Terry Nardin, Melissa S. Williams
New York University Press, 2006 - Law - 308 pages
Somalia, Haiti, Bosnia, and Kosovo. All are examples where humanitarian intervention has been called into action. This timely and important new volume explores the legal and moral issues which emerge when a state uses military force in order to protect innocent people from violence perpetrated or permitted by the government of that state. Humanitarian intervention can be seen as a moral duty to protect but it is also subject to misuse as a front for imperialism without regard to international law. In Humanitarian Intervention, the contributors explore the many questions surrounding the issue. Is humanitarian intervention permitted by international law? If not, is it nevertheless morally permissible or morally required? Realistically, might not the main consequence of the humanitarian intervention principle be that powerful states will coerce weak ones for purposes of their own? The current debate is updated by two innovations in particular, the first being the shift of emphasis from the permissibility of intervening to the responsibility to intervene, and the second an emerging conviction that the response to humanitarian crises needs to be collective, coordinated, and preemptive. The authors shed light on the timely debate of when and how to intervene and when, if ever, not to. Contributors: Carla Bagnoli, Joseph Boyle, Anthony Coates, Thomas Franck, Brian D. Lepard, Catherine Lu, Pratap Bhanu Mehta, Terry Nardin, Thomas Pogge, Melissa S. Williams, and Kok-Chor Tan. Terry Nardin is distinguished professor of political science at the University of Wisconsin-Milwaukee and is the author of Law, Morality, and the Relations of States as well as editor of The Ethics of War and Peace. Melissa S. Williams is associate professor of political science at the University of Toronto and is the author of Voice, Trust, and Memory and is the current editor of NOMOS.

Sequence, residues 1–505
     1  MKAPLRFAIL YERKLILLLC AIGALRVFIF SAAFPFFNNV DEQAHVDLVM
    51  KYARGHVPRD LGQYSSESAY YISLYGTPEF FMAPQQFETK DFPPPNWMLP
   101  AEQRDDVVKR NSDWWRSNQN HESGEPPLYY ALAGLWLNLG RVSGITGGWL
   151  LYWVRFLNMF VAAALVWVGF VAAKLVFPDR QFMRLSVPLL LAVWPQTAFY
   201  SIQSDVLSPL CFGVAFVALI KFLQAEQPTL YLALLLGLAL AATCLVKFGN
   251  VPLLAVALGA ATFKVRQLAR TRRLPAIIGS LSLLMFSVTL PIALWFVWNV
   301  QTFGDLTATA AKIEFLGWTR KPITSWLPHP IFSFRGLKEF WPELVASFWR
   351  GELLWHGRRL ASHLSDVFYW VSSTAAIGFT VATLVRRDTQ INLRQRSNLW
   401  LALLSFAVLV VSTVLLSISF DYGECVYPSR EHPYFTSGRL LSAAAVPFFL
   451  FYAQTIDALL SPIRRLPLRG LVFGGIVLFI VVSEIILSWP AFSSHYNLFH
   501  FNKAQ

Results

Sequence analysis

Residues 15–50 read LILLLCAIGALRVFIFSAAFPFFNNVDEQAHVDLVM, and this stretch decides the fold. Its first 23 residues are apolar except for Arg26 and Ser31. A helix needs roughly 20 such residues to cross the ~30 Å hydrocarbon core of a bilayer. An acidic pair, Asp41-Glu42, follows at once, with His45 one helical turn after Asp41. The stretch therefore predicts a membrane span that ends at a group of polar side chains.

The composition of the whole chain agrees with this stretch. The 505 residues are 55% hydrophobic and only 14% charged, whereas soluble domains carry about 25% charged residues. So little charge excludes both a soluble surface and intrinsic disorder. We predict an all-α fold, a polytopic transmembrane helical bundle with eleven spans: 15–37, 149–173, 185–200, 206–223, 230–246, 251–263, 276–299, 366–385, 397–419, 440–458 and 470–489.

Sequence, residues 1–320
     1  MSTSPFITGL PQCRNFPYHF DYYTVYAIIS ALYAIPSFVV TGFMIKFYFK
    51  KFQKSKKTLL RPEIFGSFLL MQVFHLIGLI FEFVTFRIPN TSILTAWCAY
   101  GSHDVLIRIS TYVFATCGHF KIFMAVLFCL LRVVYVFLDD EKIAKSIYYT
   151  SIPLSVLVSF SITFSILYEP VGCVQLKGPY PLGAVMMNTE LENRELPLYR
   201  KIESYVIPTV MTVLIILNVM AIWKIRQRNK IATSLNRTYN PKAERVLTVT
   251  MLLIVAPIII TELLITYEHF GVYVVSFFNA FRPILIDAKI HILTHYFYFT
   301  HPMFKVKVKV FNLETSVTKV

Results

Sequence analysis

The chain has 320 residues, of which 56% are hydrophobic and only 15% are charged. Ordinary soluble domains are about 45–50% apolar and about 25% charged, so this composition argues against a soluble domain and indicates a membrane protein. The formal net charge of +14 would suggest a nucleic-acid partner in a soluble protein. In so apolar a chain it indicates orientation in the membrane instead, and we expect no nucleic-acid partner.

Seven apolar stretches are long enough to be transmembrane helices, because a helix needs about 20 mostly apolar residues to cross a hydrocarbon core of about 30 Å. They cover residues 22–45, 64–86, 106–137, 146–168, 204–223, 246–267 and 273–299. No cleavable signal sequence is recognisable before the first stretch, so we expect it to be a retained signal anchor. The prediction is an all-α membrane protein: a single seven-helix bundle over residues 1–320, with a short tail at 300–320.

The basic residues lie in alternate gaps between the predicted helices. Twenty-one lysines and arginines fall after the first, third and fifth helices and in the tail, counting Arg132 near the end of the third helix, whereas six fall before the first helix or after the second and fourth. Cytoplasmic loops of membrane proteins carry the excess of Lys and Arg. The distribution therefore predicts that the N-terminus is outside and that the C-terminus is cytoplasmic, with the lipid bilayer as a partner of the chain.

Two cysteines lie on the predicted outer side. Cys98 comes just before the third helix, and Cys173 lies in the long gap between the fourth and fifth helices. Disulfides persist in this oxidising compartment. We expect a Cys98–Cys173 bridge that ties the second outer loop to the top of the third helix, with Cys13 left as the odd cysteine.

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Traditional Just War Theory and Humanitarian
A Conflict of Traditions
The Duty to Protect
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abuse action agency agent appeal argue Cambridge cause citizens claims commitment common humanity conception cosmopolitan Dallaire debate decision defense domestic duty to intervene duty to protect enforce ethical example fact force genocide global grounds human rights humanitar humanitarian inter humanitarian intervention Ibid ideal imperfect duty institutionalize international community international institutions international law international society jurors jury justice justified Kant Kofi Annan Kosovo Legality and Legitimacy legitimate limits Mehta ment Michael Walzer moral reasoning moral skepticism motives natural law nonintervention norms obligation open-minded consultation Oxford particular peace permissible intervention political practice Pratap Bhanu Mehta problem proper authority protect human rights question requires rescue respect responsibility right intention rules Rwanda Rwandan genocide Samantha Power social sovereign sovereignty specific Terry Nardin theory thinking Thomas Franck tion tradition U.N. Charter U.N. Security Council UNAMIR unilateral intervention United Nations University Press unjust vention Vitoria Walzer